label r shifted
Session A3
Governing Natural Resources and Developing Indigenous Settlements: A Case Study of the Tayal Settlements in Jianshih Township, Hsinchu County
洪廣冀 Kuang-Chi Hung
Department of Geography, National Taiwan University, Taiwan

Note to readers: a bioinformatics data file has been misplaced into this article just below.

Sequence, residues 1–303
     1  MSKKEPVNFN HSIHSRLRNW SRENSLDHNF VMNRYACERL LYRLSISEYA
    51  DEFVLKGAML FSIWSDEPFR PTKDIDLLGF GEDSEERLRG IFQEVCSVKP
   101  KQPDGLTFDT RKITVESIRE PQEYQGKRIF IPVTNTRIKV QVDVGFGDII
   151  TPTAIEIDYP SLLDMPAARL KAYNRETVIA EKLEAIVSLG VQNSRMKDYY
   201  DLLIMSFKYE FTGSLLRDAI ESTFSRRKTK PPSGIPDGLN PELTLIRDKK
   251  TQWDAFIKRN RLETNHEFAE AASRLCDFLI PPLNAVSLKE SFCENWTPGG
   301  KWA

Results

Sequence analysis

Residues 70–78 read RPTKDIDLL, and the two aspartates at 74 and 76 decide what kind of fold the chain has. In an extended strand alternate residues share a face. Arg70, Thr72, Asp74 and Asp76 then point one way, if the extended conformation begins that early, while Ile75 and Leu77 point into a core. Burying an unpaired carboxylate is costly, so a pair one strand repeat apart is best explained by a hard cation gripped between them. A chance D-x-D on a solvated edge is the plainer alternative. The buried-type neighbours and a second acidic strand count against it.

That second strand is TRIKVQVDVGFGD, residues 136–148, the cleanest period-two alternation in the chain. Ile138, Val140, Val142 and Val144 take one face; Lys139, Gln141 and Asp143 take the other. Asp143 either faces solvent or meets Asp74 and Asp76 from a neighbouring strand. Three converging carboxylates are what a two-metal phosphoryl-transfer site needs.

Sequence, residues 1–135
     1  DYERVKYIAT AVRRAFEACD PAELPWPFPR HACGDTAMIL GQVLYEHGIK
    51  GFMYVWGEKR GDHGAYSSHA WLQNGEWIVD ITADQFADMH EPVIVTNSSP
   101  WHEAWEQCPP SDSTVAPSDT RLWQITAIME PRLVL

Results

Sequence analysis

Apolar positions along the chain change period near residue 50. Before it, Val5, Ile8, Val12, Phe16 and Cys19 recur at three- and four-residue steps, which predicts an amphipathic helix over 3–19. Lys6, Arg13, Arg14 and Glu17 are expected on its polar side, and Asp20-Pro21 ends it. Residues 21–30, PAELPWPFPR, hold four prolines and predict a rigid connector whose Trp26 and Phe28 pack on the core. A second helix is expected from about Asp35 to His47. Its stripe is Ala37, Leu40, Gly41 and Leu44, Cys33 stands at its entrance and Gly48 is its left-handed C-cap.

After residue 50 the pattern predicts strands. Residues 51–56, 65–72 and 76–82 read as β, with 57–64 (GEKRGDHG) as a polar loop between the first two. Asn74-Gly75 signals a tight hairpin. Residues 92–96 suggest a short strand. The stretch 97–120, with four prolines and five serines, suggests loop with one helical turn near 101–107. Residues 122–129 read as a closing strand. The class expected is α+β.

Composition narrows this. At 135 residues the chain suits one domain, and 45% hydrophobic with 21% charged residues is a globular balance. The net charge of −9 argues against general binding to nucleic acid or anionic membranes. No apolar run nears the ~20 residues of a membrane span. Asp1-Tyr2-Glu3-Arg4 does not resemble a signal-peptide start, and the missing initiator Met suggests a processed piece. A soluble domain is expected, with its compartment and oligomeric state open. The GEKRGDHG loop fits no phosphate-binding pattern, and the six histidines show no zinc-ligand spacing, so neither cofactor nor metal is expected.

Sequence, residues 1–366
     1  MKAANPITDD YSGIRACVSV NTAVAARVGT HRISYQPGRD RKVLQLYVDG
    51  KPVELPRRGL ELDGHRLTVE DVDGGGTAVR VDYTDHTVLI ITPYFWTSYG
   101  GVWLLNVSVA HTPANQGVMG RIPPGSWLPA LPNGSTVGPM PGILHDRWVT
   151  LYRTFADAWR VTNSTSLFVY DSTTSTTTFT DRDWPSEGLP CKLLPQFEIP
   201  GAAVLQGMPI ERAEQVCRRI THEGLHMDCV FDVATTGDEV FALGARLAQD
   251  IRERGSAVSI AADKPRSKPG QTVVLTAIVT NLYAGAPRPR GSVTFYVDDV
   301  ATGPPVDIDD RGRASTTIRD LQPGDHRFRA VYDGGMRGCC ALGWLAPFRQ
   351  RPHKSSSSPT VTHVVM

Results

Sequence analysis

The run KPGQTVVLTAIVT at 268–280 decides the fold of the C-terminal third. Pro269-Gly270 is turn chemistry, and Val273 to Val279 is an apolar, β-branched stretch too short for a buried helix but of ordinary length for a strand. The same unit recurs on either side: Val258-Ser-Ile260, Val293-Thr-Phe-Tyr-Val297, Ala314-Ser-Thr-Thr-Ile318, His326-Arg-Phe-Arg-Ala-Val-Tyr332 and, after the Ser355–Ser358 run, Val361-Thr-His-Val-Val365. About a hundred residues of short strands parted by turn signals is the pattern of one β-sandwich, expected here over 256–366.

If we take a survey of the natural resources policies undertaken in Taiwan during the past decade, it is not difficult to realize the following fact: namely, the state, as the major owner of natural resources in Taiwan, has already adjusted the mode based on the principle of exclusion and turned to highlight the importance of decentralization, devolution, empowerment, and other concepts that international development organizations have had advocated since the 1980s. As a result, such policies as community forestry, co-management, and traditional territories that underline the partnership between the state and natural resources dependent communities become mainstream, and an array of state agencies take responsibility for ensuring the policies abovementioned to be practiced both nationally and locally. Yet, can such a “community-based natural resource management (CBNRM)” help policymakers find a balance between sustainable use of natural resources and development of indigenous communities? Considering current debates surrounding traditional territories, wildlife conservation, dispossession and unsustainable use of indigenous people’s land, the answer to the question is not as straightforward as developmentalists might have expected. This research plans to adopt the following two approaches to understand the making and the practicing of CBNRM in Taiwan with a focus on Tayal settlements in Jianshih Township, Hsinchu County: first, this research plans to conduct a historical analysis of natural resources policies which the modern state have schemed and enforced since the Japanese colonial rule, with the goal of unveiling the processes during which the state objectified local nature as governable “natural resources,” and, meanwhile, attributed certain subjectivities to local indigenous settlements, eventually turning them into a reliable basis for natural resources management on the face of the impacts of neoliberalism. Second, based on the result of the historical analysis, this project plans to undertake an ethnographical analysis of Tnunan Smangus, widely known as a role model for CBNRM in Taiwan, in the hope of showing how people in Smangus negotiate with agencies of capital and the state in their daily lives in the hope of being recognized as a subject that represents both Smangus’s people and nature. Regarding the theoretical approach, this research distances itself from new institutional economics, an analytical tool commonly used by researchers who are concerned with CBNRM, and deploys certain concepts that gain increasing currency in environmental anthropology and political ecology alike, such as infrastructure, indigeneity, and assemblage. This research expects to bring a case that exemplifies CBNRM in Taiwan to engage in a close dialogue with natural resource politics in the Global South, while developing a post-developmentalist analysis and critique of the dilemma that has become prevalent as researchers, activists, and policymakers try to figure a balance between governing natural resources and developing indigenous communities.